Here comes the Commercial Foreclosure Wave


Looks like the dominoes are falling into place just as predicted.

Inquiring minds are considering the defaults on commercial property mortgages held by U.S. banks and that they rose in the third quarter, extending a pattern begun in late 2006 when real estate prices were close to a peak:

About $604.1 million of loans on office buildings, malls, hotels and other commercial properties went into default in the three months ended Sept. 30, pushing the default rate to 4.36 percent of outstanding loan balances, from 3.41 percent a year earlier and 4.27 percent at midyear, the New York-based real estate research firm said. The record default rate was 4.55 percent in 1992, according to Real Capital.

“While the default rate continues to trend higher, the most recent increase is the second smallest in three years,” Sam Chandan, global chief economist at Real Capital, said in the report. “Even though new defaults are moderating, banks have considerable challenges in drawing down the pool of unresolved distress.”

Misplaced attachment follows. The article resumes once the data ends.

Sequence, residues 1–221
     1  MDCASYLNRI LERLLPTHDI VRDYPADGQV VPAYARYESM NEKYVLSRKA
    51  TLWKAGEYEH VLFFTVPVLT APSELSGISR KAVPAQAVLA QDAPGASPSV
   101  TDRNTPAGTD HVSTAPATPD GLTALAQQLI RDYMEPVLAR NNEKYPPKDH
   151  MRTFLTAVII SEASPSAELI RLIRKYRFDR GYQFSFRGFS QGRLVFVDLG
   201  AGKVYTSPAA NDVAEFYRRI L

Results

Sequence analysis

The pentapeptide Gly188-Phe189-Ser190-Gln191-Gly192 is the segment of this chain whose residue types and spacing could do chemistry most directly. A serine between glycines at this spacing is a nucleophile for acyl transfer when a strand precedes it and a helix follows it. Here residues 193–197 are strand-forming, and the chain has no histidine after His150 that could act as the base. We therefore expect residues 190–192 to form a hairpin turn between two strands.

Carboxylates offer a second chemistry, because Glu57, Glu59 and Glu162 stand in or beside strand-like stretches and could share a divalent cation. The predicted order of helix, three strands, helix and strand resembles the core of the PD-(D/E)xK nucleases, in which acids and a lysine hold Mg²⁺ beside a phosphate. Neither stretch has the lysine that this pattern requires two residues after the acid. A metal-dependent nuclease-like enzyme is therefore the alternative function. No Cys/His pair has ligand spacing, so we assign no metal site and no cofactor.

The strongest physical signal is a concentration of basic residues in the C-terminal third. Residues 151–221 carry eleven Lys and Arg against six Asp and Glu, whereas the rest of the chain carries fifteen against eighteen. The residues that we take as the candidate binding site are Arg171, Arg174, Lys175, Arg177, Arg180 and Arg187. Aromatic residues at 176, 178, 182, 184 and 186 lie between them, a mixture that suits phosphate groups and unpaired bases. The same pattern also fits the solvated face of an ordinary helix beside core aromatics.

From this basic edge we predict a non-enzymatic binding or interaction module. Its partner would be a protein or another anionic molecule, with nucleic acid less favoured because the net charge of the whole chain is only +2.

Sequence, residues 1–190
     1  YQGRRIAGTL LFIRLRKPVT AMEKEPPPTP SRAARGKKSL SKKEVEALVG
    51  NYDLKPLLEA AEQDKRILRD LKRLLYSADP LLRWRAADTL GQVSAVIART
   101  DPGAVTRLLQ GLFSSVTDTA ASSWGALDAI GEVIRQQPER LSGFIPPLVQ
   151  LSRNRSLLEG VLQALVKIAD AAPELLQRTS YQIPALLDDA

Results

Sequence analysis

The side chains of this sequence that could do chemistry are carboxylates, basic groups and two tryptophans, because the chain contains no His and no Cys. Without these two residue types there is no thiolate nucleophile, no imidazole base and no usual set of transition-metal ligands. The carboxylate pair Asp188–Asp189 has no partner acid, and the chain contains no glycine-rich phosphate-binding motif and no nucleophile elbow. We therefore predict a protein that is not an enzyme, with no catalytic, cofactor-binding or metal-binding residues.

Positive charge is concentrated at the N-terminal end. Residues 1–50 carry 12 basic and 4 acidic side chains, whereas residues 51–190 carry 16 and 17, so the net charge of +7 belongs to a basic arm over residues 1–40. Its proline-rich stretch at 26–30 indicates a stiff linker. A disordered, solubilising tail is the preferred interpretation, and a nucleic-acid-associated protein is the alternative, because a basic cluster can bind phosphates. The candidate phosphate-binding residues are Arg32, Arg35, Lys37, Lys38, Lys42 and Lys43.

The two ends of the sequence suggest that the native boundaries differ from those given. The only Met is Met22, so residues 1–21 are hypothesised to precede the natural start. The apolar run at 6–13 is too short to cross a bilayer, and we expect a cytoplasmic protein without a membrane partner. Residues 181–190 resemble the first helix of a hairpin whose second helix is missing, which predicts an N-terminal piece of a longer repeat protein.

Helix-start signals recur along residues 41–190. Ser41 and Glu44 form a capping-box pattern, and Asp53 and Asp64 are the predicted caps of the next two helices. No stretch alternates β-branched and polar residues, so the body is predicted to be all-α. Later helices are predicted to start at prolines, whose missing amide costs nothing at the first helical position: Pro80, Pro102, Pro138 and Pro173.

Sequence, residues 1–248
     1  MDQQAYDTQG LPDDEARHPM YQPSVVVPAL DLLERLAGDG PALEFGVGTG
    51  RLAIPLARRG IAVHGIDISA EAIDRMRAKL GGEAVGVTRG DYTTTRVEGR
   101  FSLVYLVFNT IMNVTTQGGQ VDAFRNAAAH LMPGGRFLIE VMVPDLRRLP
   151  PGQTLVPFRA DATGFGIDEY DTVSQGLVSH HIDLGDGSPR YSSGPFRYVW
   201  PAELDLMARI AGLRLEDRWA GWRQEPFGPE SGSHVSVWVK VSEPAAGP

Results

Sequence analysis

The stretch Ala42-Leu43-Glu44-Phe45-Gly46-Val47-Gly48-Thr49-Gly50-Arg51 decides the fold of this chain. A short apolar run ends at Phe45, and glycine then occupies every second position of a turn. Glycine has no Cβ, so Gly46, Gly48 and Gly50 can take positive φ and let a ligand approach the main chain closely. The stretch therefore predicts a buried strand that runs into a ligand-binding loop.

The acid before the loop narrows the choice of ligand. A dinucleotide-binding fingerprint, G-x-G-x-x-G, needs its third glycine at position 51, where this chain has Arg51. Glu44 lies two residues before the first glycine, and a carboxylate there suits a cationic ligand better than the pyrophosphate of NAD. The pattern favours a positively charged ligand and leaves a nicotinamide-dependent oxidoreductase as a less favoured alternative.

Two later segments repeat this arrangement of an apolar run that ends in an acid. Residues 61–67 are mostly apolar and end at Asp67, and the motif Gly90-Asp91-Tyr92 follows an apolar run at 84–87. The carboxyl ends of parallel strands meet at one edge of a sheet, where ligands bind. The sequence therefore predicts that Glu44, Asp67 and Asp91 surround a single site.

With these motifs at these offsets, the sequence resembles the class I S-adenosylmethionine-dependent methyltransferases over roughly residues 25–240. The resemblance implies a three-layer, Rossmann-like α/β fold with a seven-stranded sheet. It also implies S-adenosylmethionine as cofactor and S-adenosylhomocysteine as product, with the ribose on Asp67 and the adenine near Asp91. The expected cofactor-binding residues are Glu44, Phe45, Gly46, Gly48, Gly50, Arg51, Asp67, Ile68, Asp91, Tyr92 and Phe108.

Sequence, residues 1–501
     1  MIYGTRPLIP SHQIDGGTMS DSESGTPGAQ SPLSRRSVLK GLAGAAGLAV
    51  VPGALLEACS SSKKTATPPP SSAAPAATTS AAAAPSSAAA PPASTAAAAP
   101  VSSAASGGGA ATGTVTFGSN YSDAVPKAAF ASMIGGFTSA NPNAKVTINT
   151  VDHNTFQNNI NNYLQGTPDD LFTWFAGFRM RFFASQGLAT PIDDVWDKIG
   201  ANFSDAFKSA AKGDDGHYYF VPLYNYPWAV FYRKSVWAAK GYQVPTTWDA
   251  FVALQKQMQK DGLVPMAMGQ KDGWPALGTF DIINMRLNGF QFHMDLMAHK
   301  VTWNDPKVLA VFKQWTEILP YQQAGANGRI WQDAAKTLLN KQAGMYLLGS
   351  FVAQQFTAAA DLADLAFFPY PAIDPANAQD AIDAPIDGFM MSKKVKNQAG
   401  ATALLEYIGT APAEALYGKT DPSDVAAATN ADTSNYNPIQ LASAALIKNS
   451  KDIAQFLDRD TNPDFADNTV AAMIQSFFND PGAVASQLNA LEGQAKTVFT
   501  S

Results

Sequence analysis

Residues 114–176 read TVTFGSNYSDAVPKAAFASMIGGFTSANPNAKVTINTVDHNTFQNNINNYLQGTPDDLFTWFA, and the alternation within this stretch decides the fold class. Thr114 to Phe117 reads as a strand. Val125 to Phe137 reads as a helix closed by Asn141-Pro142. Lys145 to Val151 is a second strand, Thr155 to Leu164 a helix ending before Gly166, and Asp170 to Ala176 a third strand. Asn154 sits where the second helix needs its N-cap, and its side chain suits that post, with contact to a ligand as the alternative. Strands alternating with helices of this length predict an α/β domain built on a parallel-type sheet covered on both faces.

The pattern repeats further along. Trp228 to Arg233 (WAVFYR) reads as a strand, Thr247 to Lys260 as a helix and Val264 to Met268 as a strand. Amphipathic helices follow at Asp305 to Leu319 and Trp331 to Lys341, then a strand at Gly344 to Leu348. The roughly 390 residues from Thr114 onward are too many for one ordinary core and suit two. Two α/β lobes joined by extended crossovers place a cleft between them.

The writer then swallows Koolaide with this utterance:

U.S. commercial property prices rose 4.3 percent in September from the previous month as demand rose for the best office buildings in such major markets as New York and Washington, Moody’s Investors Service said on Nov. 22. The Moody’s/REAL Commercial Property Price Index had fallen to an eight-year low in August.

This is the same gobbly-gouk that ignorant writers and unscrupulous real estate professionals tried to spread in the earlier phase of this economic downturn…namely, that property mix doesn’t matter month-to-month. Remember how earlier in the residential numbers phantom price increases occurred? For a graphical representation…does this look like a price increase to you? (click on image to enlarge)

What’s interesting is that no one is answering the question how commercial real estate is going to turn around when residential foreclosures are building again, huge taxes increases (regardless of the Bush tax cuts) are coming next year, unemployment is very high, and states are running large deficits?

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